Eye Tracking and Pupillometry for Cognitive Load Estimation in Tele-Robotic Surgery

Type: MA thesis

Status: finished

Date: August 15, 2023 - February 1, 2024

Supervisors: Manuela Meier, Mathias Unberath (JHU), Andreas Maier, Roger D. Soberanis-Mukul (JHU)

Inferring the cognitive load of a surgeon during robotic surgery is important to
ensure safe and effective outcomes for patients, as high cognitive load can can
lead to errors and impact performance in robot command. This information
about cognitive load can be used in training to improve user skill.

One approach to estimate the cognitive load is, to utilize eye gaze and pupillometry
measurements, which have already been demonstrated as a potential
solution to this problem. As is has been shown, that the pupil diameter is related
to the task difficulty [1–3].

In the scope of this work, eye gaze and pupillometry measurements and tool
information will be used to infer user skill and proficiency in robot command.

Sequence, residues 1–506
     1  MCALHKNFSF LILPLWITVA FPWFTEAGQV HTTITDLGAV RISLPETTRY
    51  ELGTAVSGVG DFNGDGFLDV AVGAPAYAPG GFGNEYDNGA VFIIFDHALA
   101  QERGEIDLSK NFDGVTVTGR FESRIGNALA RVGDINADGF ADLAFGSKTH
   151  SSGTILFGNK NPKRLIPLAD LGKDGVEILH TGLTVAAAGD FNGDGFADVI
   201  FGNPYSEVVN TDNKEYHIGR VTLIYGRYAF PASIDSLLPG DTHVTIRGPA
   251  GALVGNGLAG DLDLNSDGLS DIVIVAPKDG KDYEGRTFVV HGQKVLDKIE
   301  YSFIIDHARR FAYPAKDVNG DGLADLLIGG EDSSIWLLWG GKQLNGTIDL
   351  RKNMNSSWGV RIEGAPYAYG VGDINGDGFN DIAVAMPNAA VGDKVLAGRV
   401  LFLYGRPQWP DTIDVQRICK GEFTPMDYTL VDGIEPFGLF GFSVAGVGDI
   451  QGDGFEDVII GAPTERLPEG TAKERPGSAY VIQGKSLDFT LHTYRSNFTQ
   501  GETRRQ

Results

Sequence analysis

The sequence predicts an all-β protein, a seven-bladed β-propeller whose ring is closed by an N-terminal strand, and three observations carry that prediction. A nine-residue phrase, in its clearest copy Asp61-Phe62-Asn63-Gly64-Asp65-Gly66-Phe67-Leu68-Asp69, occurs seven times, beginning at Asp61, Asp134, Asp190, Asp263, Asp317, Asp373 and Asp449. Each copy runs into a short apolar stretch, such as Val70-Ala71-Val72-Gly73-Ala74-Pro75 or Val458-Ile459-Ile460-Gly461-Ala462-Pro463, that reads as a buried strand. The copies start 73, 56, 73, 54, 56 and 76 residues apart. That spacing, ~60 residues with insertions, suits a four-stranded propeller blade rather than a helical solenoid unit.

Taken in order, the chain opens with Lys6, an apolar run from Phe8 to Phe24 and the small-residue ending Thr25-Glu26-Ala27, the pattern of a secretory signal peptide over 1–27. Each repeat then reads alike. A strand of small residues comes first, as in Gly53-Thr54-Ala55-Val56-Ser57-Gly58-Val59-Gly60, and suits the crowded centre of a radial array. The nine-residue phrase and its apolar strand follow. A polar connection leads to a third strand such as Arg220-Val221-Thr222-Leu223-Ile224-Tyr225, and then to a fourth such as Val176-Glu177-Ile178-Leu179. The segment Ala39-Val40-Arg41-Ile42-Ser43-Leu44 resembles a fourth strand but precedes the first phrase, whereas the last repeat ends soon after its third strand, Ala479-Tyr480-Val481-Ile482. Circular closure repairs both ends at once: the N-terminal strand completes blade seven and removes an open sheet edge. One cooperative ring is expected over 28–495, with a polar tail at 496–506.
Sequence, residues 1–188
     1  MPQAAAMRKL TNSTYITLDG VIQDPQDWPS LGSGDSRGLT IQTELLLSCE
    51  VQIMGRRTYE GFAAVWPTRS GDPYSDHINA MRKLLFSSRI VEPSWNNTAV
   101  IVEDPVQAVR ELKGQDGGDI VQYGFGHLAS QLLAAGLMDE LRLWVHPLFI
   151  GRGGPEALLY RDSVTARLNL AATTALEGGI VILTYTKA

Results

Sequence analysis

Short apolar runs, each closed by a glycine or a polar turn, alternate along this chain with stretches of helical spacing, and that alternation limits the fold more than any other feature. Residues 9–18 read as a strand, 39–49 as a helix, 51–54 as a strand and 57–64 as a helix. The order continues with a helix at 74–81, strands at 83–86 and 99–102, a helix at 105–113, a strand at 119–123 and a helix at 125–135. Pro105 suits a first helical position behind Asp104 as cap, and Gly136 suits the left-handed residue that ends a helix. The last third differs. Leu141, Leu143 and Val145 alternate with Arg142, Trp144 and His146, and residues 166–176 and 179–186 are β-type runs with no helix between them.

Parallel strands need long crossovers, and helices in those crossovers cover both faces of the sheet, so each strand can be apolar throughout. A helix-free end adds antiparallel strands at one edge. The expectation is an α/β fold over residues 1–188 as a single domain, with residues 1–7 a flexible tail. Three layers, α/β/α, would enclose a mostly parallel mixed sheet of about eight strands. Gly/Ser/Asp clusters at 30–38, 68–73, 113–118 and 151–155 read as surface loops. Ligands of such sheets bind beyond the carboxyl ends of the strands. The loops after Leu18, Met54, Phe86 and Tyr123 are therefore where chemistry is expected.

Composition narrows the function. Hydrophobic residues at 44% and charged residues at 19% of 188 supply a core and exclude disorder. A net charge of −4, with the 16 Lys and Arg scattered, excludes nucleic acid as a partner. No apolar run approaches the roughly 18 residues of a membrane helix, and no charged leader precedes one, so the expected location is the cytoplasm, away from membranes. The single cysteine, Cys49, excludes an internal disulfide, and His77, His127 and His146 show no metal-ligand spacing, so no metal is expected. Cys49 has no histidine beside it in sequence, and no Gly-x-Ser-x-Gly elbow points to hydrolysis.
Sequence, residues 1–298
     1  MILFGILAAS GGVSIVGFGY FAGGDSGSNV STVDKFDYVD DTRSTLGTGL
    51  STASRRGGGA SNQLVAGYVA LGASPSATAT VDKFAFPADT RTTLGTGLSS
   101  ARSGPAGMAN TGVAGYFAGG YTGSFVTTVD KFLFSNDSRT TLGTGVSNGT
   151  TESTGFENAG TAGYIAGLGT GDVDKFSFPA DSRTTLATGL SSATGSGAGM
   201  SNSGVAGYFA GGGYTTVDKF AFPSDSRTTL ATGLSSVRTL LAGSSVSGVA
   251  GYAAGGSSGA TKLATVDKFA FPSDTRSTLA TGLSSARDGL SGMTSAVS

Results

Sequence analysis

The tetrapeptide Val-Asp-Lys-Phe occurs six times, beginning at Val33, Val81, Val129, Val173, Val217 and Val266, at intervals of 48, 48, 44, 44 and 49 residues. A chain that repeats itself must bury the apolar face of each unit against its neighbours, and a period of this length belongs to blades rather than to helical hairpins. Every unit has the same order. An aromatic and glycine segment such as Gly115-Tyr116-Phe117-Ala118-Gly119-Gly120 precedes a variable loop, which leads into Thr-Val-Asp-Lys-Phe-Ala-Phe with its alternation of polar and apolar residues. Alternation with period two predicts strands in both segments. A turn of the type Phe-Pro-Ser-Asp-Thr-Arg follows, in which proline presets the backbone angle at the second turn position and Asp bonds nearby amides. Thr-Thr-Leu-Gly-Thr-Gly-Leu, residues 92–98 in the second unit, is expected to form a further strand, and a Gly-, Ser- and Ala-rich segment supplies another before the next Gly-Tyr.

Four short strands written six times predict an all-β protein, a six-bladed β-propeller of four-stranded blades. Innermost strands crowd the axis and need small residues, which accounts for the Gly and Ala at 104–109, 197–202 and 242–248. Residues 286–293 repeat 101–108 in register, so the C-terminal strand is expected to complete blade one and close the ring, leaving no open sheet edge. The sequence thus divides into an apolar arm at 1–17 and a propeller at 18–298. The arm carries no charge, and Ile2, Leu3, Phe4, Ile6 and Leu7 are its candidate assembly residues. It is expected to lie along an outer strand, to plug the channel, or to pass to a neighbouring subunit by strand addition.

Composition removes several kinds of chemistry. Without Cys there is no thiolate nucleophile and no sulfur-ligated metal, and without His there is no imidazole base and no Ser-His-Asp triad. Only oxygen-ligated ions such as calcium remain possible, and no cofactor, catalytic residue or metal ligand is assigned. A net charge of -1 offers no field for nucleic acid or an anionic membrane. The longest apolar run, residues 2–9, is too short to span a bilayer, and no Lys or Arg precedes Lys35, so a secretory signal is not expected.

Therefore, the eyetracker must be calibrated to the da Vinci robot vision pipeline
with a SPAAM-type of calibration [4, 5], and tool tracking methods in robotic
surgery must be developed.



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’20, page 1–12, New York, NY, USA, 2020. Association for Computing Machinery.

[2] Andrew T. Duchowski, Krzysztof Krejtz, Izabela Krejtz, Cezary Biele, Anna
Niedzielska, Peter Kiefer, Martin Raubal, and Ioannis Giannopoulos. The
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and Izabela Krejtz. Eye tracking cognitive load using pupil diameter and
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[4] Kenneth R. Moser, Mohammed Safayet Arefin, and J. Edward Swan. Impact
of alignment point distance and posture on spaam calibration of optical seethrough
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[5] Mihran Tuceryan, Yakup Genc, and Nassir Navab. Single-Point Active
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